The 5 Best Places to Find a Homemaking Mentor
Could you use some help and guidance with your homemaking? Here are the 5 best places to find a homemaking mentor, complete with advice from a seeker like you.
Everyone could use some help when it comes to keeping a home. And even if you think you could be Martha Stewart’s twin and know absolutely everything when it comes to homemaking, there always – always! – are tricks to learn.
Some homemakers happen to know a lot more about keeping a home than others. A mother, grandmother, or big sister might have taught you everything you needed to know. You might have professional cleaning lady or chef experience.
But you might be fairly clueless. If your mother did absolutely everything for you when you were growing up – or your family had hired help and you didn’t have to worry about pitching in around the house – you may have a lot to learn.
When you have to figure things out on your own
While I fully enjoyed my childhood, I was only ever responsible for cleaning my room and helping out with the dusting, vacuuming, and washing windows. It seemed like fine responsibilities for me – until I moved out on my own and discovered I knew nothing about laundry, cooking, or dishes.
I had to learn quickly – and my learning experiences were filled with successes AND failures. And in all my learning, I discovered the importance of finding homemaking mentors. When the Internet was still fairly new, I relied on magazines like Better Homes and Gardens, Real Simple, and Martha Steward Living. I also read any book I could find from authors like Emilie Barnes and Chris Madden.
When I would visit a friend or family member, I’d take note of how the food was cooked or if there were any little homemaking tricks I could borrow. I asked questions and slowly began to figure out how to make homemaking a little easier.
Little did I know I was creating informal homemaking mentor relationships. But I eagerly soaked in all my mentors could pass along about homemaking.
To this day, I still think of certain loved ones when I do something a particular way in my home. (Anytime I use Murphy Oil Soap, I think of my mom. When I peel and crush a clove of garlic, I think of my friend Stephanie. When I use sea salt to salt my pasta water, I think of a kind pastor’s wife who hosted me overnight once.)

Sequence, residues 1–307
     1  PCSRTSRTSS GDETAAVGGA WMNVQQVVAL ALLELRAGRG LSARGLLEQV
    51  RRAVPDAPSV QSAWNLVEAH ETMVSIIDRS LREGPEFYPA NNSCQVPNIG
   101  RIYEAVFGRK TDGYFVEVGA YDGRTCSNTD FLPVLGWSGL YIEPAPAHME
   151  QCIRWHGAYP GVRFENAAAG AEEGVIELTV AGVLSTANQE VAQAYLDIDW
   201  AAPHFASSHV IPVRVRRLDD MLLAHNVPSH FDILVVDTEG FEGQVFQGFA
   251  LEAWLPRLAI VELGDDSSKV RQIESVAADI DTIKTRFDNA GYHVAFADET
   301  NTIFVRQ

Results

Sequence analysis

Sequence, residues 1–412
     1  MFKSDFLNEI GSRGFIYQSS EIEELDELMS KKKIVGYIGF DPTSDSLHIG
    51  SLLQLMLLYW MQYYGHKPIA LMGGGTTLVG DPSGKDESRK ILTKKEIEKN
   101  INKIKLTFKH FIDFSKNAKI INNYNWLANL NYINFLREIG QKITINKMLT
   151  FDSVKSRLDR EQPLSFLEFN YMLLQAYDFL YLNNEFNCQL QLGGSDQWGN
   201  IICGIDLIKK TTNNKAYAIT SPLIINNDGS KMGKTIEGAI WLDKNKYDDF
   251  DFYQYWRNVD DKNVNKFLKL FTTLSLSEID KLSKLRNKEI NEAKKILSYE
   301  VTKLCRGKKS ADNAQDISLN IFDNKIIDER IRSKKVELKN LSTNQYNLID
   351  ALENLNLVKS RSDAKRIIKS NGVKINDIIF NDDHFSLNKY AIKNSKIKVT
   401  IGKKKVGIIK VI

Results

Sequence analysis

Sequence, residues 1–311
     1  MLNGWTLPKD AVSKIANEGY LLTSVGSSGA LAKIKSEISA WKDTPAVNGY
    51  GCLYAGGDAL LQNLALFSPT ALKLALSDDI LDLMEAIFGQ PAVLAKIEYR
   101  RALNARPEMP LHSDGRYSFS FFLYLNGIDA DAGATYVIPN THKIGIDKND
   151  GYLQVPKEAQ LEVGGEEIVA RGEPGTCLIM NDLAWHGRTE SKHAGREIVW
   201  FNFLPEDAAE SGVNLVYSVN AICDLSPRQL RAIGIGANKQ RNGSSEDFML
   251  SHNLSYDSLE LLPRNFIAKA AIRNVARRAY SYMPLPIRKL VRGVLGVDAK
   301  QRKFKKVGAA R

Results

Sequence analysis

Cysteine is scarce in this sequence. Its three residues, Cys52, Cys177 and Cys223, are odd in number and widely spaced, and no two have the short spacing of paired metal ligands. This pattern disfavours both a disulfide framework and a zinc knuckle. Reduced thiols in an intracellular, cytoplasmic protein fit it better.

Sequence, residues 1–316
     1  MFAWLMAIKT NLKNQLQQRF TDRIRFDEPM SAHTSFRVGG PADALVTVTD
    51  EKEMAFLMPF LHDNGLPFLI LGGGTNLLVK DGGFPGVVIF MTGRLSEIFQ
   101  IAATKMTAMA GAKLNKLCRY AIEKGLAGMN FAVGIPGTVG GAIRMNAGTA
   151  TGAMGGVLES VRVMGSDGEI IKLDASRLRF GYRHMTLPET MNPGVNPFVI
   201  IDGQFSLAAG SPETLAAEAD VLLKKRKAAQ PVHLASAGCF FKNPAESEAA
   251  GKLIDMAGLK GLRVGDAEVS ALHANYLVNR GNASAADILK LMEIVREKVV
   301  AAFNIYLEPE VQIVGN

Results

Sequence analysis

The 5 best places to find a homemaking mentor
If you’re like me and could use some help and guidance with your homemaking, try looking in these 5 places to find a homemaking mentor, places that I think are the very best places you can look!
1. Friends and family members
If you already know someone who always makes you feel comfortable when you visit their home, start taking mental notes. What makes you feel at home when you’re there? What food and drinks are served? What’s the atmosphere like? What are the furnishings like? What sights, sounds and smells stick out to you?
After you’ve taken mental notes, also ask questions. Ask if there are any tricks when it comes to doing chores. Be intentional with your homemaking conversations.
2. Church, work and other organizations
If you don’t think your friends and family members have inviting homes, seek out women who might be willing to help. Ask older women at your church. Think about co-workers or friends from organizations you’re a part of. If you naturally gravitate toward an older, wiser homemaker, treat them out to coffee to ask some questions.
Your mentoring may be informal and short-term, or you may find that you really connect with one of these homemakers and you’d like to pursue a more intentional mentoring relationship. In this case, humbly ask them to invest in your life, then commit to time spent with each other.
Since you’re reading this on Keeper of the Home, you’ve come to the right place! Plenty of websites and blogs exist just to help you with your homemaking efforts. (My blog, No Place Like Home, is another one!)
Read as many posts as you can to get a better understanding of homemaking responsibilities and basic instructions. Do a quick search on Google or Pinterest until you can find the help you need. Sign up for free webinars or eBooks. Or, to really dig into a specific topic, invest in buying a paid membership to an eCourse or eBook.
4. Books and magazines
Even though the Internet is a vast source of information, you can still find a wealth of information (with gorgeous photos and descriptions as you turn the pages) in books and magazines. Visit your local library or bookstore and peruse the shelves.
5. The Bible
Believe it or not, I’ve found the Bible to be a great source of homemaking help and inspiration – particularly Proverbs chapter 31.
In fact, I found so many helpful hints – from priorities to proper focus in my homemaking to basic strategies – that I wrote an eBook about it. You can find out more information about Becoming a Modern-Day Proverbs 31 Woman by clicking here.
I also found inspiration from this post in the KOTH archives about making our hearts and homes beautiful.
Wherever you decide to find your homemaking mentors, definitely seek out some help. It will help make your homemaking easier – and give you plenty of ideas to try!
Where have you looked to find a homemaking mentor?
All images courtesy of Unsplash